If you’ve been dating a girl for a while – typically around the 2-4 month mark – she’s going to push for commitment of sorts. The difference in your sexual market value will dictate how soon you have ‘the talk’ and how likely she is to stick around should you deflect the question, but sooner or later it’s coming. If you decide to take the next step and commit to her emotionally (not to be confused with exclusivity quite yet), you’re going to have to change things up a little.
I’ll be writing a series on ‘how to stay alpha in a relationship’ – which is something the overwhelming majority of men struggle with – but for now let’s examine a core concept. Although the intricacies of longer running relationships are several orders of magnitude more complex than initial seduction, the basic principles are the same. And the most basic principle of all is a question that requires an honest answer:
Is your relationship constructive or destructive?
Ultimately, nothing else matters. When you’re casually dating and are emotionally detached, her drama and daily shenanigans don’t register, but once you open your heart just a little the small things start becoming more important. With this extra time commitment and emotional responsibility, you have to ask yourself if it’s heading in the right direction. What is the right direction?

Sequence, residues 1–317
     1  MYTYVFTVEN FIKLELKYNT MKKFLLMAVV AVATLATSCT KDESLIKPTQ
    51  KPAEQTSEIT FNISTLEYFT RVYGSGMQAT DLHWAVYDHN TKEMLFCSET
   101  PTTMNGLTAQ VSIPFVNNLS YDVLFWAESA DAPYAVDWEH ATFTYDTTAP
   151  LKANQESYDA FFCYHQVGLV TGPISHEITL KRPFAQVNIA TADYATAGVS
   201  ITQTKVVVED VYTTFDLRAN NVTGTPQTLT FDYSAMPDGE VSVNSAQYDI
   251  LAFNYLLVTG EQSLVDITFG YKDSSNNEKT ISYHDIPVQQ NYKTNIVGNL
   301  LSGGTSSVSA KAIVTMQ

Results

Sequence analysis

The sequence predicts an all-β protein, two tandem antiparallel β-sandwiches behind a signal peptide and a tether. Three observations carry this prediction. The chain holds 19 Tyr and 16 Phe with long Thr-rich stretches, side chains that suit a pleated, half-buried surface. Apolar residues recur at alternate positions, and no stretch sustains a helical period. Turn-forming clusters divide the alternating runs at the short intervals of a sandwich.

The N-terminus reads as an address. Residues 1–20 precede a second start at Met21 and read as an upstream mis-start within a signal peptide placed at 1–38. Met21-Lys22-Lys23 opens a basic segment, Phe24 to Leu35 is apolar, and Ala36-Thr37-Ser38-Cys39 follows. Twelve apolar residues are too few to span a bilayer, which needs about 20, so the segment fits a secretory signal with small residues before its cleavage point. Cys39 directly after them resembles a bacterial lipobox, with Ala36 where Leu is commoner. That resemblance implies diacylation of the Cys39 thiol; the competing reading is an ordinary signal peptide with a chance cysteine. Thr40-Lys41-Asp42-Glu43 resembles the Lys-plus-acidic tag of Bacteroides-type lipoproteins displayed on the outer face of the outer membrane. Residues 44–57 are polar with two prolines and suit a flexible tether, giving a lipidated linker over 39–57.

Your mission – not your woman – is your mission. In a constructive relationship, she will support your mission through her feminine strengths and you will support her through your masculine strengths.
Your mission is what you want out of life. If you seriously want to make millions, your relationship is constructive if she’s there through the long hours, the uncertainty inherent to risk, and most importantly through the trials. Far too many women come when the going is good and leave when times get tough – the one who sticks by you is a rarity. If you want to raise a family, your relationship is constructive if she’s nurturing and understands the attention competition between parents and children (and balances the two). You get the idea.
Together, the relationship is constructive if the give/take balance only tips slightly.
I’m purposely avoiding details because they vary by context. What defines a constructive relationship between a 30′s cohabiting low income couple with kids in the inner city will be different from a childless early 20′s couple living in a posh neighborhood.
A destructive relationship is everything else – it doesn’t have to be dramatic.
Assuming you’re focused on your mission, is your relationship helping you achieve it in some way? If it’s not, you don’t need to be in one – not with her, and maybe not with anyone. You only get one life and you literally can’t afford to waste any of it on people who slow you down. If you’re happier and more driven with her by your side – stay. If the opposite is true – leave.